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So dreaded once, may now exasperate them, And number'd down: much rather I shall choose
For his redemption all my patrimony,
If need be, I am ready to forego Happen what may, of me expect to hear And quit: not wanting him, I shall want no. Nothing dishonourable, impure, unworthy
thing. Our God, our law, my nation, or myself,
Chor. Fathers are wont to lay up for their sons, The last of me or no I cannot warrant.
Thou for thy son art bent to lay out all ; Chor. Go, and the Holy One
Sons wont to nurse their parents in old age, Of Israel be thy guide
[name Thou in old age car'st how to nurse thy son, To what may serve his glory best, and spread his Made older than thy age through eye-sight lost. Great among the Heathen round;
Man. It shall be my delight to tend his eyes, Send thee the angel of thy birth, to stand And view him sitting in the house, ennoble Fast by thy side, who from thy father's field With all those high exploits by him achievod, Rode up in flames after his message told And on his shoulders waving down those locks Of thy conception, and be now a shield
That of a nation arm'd the strength contain'd : Of fire ; that spirit, that first rush'd on thee And I persuade me, God bad not permitted In the camp of Dan,
His strength again to grow up with his hair, Be efficacious in thee now at need.
Garrison'd round about him like a camp Por never was from Heaven imparted
Of faithful soldiery, were not his purpose Measure of strength so great to mortal seed, To use him further yet in some great service; As in thy wondrous actions hath been seen.- Not to sit idle with so great a gift But wherefore comes old Manoah in such haste Useless, and thence ridiculous about him. (lost, With youthful steps? much livelier than ere And since his strength with eye-sight was not while
God will restore him eye-sight to his strength. He seems; supposing here to find his son,
Chor. Thy hopes are not ill founded, nor seem Or of him bringing to us some glad news ? Of his delivery, and the joy thereon
(vain Conceiv'd, agreeable to a father's love, [Enter] Manoak.
In both which we, as next, participate. Man. Peace with you, brethren; my induce- Man. I know your friendly minds and ment hither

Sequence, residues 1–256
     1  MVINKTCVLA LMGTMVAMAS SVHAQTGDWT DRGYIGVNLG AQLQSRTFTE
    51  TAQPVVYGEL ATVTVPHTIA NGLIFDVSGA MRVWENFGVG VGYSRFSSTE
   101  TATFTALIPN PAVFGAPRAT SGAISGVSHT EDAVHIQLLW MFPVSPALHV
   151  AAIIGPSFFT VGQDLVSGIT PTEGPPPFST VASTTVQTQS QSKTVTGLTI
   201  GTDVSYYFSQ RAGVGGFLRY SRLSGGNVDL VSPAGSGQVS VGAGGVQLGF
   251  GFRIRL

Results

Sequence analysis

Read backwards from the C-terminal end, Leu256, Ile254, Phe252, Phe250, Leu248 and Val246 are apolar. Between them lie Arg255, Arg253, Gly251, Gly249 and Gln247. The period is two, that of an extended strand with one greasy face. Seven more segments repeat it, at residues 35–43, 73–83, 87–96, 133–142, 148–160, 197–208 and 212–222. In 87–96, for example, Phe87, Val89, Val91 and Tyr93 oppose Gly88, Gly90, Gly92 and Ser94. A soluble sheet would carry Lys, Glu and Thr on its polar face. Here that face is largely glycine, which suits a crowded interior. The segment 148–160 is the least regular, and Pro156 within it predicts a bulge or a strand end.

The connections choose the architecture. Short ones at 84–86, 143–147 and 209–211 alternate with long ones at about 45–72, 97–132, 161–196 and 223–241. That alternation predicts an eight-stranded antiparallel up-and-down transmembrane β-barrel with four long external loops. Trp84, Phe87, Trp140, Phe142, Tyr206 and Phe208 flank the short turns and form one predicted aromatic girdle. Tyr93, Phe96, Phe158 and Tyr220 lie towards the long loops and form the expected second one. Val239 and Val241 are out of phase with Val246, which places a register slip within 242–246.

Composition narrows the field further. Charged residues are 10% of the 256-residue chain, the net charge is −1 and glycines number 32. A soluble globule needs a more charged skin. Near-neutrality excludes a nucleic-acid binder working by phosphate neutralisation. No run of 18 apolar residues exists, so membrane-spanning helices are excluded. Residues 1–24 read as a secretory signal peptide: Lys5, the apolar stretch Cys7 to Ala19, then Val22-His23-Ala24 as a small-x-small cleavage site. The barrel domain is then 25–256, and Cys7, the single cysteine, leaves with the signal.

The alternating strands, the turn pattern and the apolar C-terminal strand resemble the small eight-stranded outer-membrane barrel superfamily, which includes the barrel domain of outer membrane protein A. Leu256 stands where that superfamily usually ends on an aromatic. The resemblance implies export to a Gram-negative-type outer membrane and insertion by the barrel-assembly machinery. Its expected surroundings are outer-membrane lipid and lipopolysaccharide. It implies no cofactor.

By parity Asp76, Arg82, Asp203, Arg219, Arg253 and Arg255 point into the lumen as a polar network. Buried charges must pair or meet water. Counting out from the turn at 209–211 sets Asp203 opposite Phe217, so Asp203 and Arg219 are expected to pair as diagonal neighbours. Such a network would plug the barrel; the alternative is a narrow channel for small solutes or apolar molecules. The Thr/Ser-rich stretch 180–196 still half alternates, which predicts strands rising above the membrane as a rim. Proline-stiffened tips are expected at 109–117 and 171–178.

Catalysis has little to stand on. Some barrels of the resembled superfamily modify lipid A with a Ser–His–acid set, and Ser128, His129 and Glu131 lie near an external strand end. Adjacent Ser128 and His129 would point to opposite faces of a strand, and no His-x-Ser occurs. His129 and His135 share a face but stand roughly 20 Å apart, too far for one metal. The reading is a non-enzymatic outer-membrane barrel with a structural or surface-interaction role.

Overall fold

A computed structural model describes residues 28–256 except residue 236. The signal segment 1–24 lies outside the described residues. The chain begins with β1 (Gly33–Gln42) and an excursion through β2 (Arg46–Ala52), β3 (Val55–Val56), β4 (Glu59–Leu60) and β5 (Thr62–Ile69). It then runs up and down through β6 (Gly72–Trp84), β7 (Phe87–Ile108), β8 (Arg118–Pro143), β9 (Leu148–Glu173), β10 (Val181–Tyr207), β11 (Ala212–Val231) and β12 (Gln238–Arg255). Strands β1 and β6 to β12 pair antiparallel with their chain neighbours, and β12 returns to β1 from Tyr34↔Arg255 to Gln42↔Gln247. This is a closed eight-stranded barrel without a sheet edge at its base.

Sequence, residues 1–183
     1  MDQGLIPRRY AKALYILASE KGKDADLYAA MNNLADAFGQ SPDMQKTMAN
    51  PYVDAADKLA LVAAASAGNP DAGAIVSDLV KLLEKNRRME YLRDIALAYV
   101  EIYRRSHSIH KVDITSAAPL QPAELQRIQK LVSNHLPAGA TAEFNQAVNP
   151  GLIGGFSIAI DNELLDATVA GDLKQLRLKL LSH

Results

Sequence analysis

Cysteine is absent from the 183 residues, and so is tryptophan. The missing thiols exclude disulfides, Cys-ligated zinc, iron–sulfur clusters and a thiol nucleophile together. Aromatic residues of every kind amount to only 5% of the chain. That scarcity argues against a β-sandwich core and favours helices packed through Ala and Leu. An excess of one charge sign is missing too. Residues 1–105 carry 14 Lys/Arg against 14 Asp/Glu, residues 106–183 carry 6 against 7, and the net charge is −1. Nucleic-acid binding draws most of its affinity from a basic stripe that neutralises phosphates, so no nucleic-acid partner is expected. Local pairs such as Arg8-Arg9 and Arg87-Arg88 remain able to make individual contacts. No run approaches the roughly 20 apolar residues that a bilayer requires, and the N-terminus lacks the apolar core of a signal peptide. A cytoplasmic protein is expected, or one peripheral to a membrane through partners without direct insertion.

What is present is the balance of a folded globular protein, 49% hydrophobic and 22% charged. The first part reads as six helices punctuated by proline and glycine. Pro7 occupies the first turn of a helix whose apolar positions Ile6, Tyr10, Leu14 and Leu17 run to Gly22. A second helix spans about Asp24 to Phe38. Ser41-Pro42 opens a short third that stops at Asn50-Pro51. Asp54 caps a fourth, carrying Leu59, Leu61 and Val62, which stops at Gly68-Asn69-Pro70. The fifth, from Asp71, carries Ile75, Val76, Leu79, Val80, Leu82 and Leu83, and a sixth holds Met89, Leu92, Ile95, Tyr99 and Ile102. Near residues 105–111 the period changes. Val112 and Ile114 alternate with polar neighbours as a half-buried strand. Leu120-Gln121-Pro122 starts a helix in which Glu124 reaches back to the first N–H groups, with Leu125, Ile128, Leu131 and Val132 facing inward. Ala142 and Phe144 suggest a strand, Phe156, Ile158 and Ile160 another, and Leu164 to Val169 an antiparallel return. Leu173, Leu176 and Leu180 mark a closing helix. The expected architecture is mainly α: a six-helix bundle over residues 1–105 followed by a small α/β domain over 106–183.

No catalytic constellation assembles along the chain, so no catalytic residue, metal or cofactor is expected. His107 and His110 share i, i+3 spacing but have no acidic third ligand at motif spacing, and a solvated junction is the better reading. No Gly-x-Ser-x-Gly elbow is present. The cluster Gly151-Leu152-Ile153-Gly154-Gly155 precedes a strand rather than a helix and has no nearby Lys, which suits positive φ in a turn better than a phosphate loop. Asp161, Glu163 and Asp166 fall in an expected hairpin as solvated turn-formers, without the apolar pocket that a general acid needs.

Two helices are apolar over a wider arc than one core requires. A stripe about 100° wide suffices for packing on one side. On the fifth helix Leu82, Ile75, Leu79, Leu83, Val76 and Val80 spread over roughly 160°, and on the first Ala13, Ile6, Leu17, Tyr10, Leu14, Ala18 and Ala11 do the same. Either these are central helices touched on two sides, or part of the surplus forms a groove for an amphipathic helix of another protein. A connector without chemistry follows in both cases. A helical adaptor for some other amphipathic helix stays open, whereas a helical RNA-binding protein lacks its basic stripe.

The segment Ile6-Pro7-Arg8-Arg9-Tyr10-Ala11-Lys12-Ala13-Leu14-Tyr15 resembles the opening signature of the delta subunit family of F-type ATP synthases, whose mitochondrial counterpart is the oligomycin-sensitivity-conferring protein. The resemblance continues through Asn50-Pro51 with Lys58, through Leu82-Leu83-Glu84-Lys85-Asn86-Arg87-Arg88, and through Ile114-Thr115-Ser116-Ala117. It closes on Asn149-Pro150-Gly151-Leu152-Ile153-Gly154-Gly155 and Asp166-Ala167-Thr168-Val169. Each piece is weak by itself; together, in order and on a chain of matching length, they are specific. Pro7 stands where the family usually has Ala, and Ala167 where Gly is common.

what noise ! Was not at present here to find my son,
Mercy of Heaven, what hideous noise was that By order of the lords now parted hence
Horribly loud, unlike the former shout. To come and play before them at their feast. Chor. Noise call you it, or universal groan, I heard all as I came, the city rings,
As if the whole inhabitation perish'd ! (noise, And numbers thither fock: I had no will, Blood, death, and deathful deeds, are in that Lest I skould see him forc'd to things unseemly. Ruin, destruction at the utmost point. But that, which mov'd my coming now, was Man. Of ruin indeed methought I heard the chiefly
noise: To give ye part with me what hope I have Oh! it continues, they have slain my son. With good success to work his liberty.
Chor. Thy son is rather slaying them: that Chor. That hope would much rejoice us to
From slaughter of one foe could dot ascend. With thee ; say, reverend sire, we thirst to bear. Man. Some dismal accident it needs must be;
Man. I have attempted one by one the lords What shall we do, stay here or run and see? Either at home, or through the high street pass- Chor, Best keep together here, lest, running ing,
thither, With supplication prone and father's tears, We unawares run into danger's mouth. To accept of ransom for my son their prisoner. This evil on the Philistines is falln: Some much averse I found and wonderous harsh, From whoin could else a general cry be heard; Contemptuous, proud, set on revenge and spite; The sufferers then will scarce molest us here; That part most reverenc'd Dagon and his priests: From other hands we need not much to fear. Others more moderate seeming, but their aim What if, his eye-sight (for to Israel's God Private reward, for which both God and state Nothing is hard) by miracle restor'd, They easily would set to sale: a third